If the listing agent is representing you as well...they will likely support your offer strongly but they will have to provide for the bank the reasons your risk is best and if you are FHA risk is typically higher. However, control of the transaction is appealing to the bank as well. This listing agent would have data and control of the transaction on both sides and would know you aren't out shopping for other deals as well and that could be a plus too.
Good Luck
Laura Myers
Keller Williams Arizona Realty
480-600-6213
0 votes Thank Flag Link Wed Feb 24, 2010
It is my experience that each REO bank has different criteria for offer acceptance. However, generally speaking Cash and Conventional financing will win out over FHA almost every time. Sellers are concerned about FHA appraisal "required repairs", which seem to be cropping up more and more often these days. Additionally, Sellers know that if the home does not appraise at full offer price, the FHA buyer does not have the option to close the gap with cash.

Having worked with many FHA buyers, here are some ways to make your offer stronger.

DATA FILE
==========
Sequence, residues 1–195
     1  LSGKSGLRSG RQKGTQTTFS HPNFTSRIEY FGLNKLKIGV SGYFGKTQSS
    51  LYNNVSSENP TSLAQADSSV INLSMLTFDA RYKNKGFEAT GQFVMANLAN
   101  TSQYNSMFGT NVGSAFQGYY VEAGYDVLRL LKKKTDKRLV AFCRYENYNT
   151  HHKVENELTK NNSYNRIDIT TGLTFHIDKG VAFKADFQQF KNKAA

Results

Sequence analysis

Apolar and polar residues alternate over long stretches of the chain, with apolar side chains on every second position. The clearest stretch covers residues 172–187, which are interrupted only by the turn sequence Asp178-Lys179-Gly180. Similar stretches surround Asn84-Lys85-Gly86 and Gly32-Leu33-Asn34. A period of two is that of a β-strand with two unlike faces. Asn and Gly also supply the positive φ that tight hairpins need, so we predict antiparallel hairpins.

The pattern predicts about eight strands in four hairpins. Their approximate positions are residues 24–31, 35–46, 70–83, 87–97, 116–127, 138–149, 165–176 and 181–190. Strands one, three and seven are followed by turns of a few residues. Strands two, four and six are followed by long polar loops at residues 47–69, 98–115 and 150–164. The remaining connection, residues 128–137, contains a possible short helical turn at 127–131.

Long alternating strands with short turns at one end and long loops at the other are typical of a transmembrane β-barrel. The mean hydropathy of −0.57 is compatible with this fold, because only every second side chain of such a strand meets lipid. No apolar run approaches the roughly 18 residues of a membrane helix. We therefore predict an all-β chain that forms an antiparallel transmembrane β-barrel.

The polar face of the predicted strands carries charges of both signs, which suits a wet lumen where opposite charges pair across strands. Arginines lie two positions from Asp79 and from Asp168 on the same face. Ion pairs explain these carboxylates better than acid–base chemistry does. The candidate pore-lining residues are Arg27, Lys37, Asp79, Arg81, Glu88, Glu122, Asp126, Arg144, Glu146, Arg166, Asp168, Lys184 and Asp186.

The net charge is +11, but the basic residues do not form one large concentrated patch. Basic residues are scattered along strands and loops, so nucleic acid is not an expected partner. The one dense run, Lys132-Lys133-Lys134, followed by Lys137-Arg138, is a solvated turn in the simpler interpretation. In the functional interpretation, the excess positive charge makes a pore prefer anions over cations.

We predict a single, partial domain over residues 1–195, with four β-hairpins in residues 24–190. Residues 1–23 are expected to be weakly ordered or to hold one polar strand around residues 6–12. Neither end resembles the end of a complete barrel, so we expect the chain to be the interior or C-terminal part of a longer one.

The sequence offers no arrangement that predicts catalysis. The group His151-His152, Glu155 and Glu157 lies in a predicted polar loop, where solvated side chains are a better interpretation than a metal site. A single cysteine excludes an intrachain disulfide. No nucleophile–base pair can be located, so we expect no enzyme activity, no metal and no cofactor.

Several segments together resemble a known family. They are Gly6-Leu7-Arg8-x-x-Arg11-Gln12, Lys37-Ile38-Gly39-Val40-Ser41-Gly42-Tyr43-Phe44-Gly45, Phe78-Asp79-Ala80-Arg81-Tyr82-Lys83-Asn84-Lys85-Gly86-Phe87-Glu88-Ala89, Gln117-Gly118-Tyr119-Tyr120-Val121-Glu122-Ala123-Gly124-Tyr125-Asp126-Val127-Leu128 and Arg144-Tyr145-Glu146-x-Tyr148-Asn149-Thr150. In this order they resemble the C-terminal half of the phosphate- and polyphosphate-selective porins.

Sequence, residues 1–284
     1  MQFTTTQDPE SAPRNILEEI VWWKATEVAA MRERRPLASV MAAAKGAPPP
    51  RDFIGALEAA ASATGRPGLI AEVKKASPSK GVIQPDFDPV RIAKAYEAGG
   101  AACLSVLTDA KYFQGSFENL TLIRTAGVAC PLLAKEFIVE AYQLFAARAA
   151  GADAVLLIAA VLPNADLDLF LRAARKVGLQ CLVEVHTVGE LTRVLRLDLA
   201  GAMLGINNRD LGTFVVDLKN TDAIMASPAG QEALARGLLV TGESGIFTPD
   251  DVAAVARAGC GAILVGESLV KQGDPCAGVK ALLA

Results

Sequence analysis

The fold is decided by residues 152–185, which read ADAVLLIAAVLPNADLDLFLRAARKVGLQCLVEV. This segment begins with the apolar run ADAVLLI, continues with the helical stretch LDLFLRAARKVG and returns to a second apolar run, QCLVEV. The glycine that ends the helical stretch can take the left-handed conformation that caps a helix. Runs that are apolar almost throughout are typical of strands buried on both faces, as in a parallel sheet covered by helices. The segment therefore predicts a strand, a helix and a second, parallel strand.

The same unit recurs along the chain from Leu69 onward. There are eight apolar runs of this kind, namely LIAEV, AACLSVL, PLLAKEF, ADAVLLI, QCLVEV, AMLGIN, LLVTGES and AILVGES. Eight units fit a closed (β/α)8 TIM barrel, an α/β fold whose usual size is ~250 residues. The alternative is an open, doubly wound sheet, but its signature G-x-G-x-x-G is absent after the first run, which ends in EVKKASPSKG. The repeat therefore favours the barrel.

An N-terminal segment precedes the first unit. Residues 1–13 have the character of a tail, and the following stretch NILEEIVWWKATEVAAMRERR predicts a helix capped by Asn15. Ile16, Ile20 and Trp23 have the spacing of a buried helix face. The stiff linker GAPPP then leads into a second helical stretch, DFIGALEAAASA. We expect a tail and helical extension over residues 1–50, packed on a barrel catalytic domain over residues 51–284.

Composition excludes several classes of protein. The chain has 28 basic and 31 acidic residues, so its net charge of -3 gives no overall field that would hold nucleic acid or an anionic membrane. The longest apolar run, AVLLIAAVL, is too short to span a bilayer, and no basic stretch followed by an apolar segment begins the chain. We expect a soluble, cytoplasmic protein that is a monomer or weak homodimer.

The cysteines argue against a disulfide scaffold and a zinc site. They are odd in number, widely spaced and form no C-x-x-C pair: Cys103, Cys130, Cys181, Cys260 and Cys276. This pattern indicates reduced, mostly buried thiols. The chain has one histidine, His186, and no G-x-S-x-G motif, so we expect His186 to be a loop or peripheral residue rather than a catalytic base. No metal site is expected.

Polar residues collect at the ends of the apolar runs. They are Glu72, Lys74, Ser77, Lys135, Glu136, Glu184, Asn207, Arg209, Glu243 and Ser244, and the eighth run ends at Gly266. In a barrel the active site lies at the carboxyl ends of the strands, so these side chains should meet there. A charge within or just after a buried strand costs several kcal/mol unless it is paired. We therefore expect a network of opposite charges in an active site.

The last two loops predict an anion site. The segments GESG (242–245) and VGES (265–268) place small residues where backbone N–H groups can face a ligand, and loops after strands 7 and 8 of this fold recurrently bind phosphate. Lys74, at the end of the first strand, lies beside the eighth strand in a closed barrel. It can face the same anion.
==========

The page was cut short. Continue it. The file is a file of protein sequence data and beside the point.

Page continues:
1. Make a 3% good faith deposit. You have to pay the 3.5% down payment anyway, so showing that you are serious by putting your money on the table up front goes a long way.
2. Get pre-approved by the seller's preferred lender (and use them if you can).
3. Shorten your inspection periods to 5 - 7 days. Make sure to line up your inspections when you submit the offer. You can always cancel or reschedule, but the seller likes to know early on if you are going to request repairs.
4. Do not request termite work. Make sure one of your inspections is a termite insepction (most termite companies do not charge for these). That way, if there is a ton of termite damage you know in advance and can either request it in repairs, walk away, or budget to do the work after closing.
5. Pay the extra $$ to expedite the FHA appraisal. This way you will have the FHA required repairs early and can negotiate on those immediately (within the first 5-10 days).